The emigration was influential mostly through personal contact, mostly through Switzerland. Much was thrashed out in 1916 in a joint conference at Lausanne. The American Lithuanians sent delegates to the Paris Peace Conference. The entire Lithuanian delegation at Paris was largely financed by the Americans. For instance, Valdemaras once sent a cablegram to the American Lithuanians requesting $75,000 for the work of the delegation in Paris. It was obtained. The Americans also supplied the stenographers for the delegation. The Catholics opposed sending Šliūpas, and compromised on Naruševičius.13 Mastauskas represented the Catholics.14 The American Lithuanians were important through Mastauskas in the matter of contacts with the U.S.A. delegation. It seems that the American Lithuanians were the decisive factor for whatever the Lithuanian delegation achieved at Paris. And they came back bitter toward Valdemaras, with whose tact and maneuvers they could not agree. They disliked his personality.
Reputation of the Taryba. The U.S. Lithuanians knew the background of the organization of the Taryba and the persons making up its membership. They disagreed with the ways used in its formation, but they tolerated them, since they realized the restrictions under which the Taryba was founded and later had to work. The members had been chosen from representative groups. They tried to do the best they could under the circumstances, just holding on for the Constituent Assembly. There was no feeling that the Constituent Assembly was unnecessarily delayed. They realized the impossibility. There were some voices calling for immediate action, but the majority agreed on the need of time for success.
Federation. Šliūpas stood alone.15 He had a small following, but his atheism was disliked by the Lithuanian Catholics. Pakštas later supported the idea of a Balta - Scandian confederation which was to be headed by Sweden.16
There was some work on Mid-European union, suggested by Americans, with R. Caldwell at the head. This was to take in the Baltic States and others, in several large linguistic family groupings. Lithuania, Latvia, and Estonia have always worked together closely. Even today they observe each other's holidays, and there are Baltic Unions everywhere.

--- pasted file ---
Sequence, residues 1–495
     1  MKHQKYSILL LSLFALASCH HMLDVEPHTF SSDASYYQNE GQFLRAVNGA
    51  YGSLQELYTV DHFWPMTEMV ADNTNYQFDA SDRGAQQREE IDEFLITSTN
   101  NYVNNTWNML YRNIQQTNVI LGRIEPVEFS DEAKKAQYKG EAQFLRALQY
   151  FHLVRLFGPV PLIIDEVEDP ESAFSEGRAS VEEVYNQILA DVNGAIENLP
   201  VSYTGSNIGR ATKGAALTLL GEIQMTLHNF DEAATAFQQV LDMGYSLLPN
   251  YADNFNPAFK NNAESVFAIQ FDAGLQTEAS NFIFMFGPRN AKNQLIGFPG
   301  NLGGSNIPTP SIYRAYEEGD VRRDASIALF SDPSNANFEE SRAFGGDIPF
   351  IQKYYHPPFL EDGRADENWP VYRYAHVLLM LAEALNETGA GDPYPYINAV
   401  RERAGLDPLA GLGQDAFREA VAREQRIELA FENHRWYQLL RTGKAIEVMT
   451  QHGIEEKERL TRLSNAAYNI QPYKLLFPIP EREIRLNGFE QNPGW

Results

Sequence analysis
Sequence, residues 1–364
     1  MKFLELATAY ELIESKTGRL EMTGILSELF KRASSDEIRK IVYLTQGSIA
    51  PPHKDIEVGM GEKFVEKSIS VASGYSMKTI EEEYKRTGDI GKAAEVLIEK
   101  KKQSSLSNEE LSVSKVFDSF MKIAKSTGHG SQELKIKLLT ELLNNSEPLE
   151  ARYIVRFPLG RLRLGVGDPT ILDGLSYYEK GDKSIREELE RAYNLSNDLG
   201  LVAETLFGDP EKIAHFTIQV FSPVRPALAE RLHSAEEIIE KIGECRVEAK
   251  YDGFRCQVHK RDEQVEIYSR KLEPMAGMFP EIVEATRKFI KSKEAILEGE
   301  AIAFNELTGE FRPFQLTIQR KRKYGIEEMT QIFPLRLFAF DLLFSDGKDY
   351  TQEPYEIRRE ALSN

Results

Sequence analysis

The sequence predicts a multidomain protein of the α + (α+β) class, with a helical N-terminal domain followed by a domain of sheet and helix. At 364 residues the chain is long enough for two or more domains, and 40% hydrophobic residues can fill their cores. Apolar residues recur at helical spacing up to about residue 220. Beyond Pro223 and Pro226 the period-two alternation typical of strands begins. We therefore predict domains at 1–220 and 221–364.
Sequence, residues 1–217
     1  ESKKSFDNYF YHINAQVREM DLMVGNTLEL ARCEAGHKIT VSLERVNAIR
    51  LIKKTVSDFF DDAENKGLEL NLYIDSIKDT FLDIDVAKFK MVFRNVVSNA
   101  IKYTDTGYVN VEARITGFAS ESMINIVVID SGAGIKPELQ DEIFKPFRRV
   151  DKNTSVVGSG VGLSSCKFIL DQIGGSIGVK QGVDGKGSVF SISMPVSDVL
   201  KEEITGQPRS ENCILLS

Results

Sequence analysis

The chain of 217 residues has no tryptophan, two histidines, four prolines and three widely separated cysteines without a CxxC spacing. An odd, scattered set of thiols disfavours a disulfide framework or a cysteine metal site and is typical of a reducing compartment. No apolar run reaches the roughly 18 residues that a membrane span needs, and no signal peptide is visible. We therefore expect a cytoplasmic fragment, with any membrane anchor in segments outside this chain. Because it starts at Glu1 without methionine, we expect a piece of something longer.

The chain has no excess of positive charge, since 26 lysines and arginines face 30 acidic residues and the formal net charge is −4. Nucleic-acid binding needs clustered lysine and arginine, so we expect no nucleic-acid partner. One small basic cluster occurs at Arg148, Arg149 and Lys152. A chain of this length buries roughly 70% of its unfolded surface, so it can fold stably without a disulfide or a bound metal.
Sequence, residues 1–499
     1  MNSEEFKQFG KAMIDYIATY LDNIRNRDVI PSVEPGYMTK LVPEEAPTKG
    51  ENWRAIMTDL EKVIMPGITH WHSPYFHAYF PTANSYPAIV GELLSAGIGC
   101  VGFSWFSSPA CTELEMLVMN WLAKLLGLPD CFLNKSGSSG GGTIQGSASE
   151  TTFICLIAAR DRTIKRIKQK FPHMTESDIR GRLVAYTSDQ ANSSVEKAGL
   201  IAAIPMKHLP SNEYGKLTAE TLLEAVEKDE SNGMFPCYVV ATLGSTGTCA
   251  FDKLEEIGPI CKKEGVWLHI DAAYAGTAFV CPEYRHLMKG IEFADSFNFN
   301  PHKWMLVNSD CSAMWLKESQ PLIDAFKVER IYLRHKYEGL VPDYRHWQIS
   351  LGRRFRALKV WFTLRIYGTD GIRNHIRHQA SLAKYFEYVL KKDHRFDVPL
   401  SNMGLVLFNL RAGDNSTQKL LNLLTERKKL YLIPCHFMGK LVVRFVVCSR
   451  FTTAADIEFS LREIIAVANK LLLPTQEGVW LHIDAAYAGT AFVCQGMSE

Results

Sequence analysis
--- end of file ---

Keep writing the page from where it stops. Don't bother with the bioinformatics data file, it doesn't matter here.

Some Pilsudskį groups tried to do something about federation,17 but the Lithuanian leaders would not listen, convinced that it was absolutely impossible to deal with them. They distrusted the Pilsudskį men. There might have been some indicidual Lithuanians who would listen to them, but there was nothing on an official or even larger scale.
Taryba. Note should be made of the Russian schooling of the members of the Taryba. More western Lithuanians should have been taken into the government. The Taryba should have used the experience available to its abroad, but the majority of the Russian oriented members were afraid of losing their privileged position.
Very few American Lithuanians were in governmental circles in the period of independence. The Russian-bred Lithuanians were reluctant to accept them. Vinikas, Balutis, and a few others were given comparatively minor posts,18 though head and shoulders above Valdemaras in civic and diplomatic experience and in native ability. The Russian educated individuals kept all the key posts. The other were relegated to minor positions.
Gabrys.19 Gabrys was a very unusual person, a genius of a kind. During the First World War he was accused of playing both sides. At that time he was in a bad financial situation, things were very difficult for him. His way of earning his living was his own business. He was an unquestionably loyal Lithuanian through and through. None of the accusations thrown at him could be substantiated. Those accusations were the result of his disagreement with Valdemaras and Smetona. In regard to his doings before his death much later, he must undoubtedly be considered as having become a very sick man. In his Lithuanian work, he was not one of those seeking to use the situation for personal gain. Naturally he expected to be accepted into the high councils of the Government. Smetona was quite tolerant, but not Valdemaras. It was understood that Gabrys aimed only at the Ministry of Foreign Affairs. Valdemaras opposed, since Gabrys was much better qualified than he. Gabrys bad presented a memorandum on the Lithuanian situation as early as 1911 in London, undoubtedly the first international presentation of the Lithuanian problem. Gabrys got Bartuška freed from a German jail in 1916 by threatening an exposure of the situation before the Conference of Subjugated Nations which he knew the Germans favored for political propaganda.20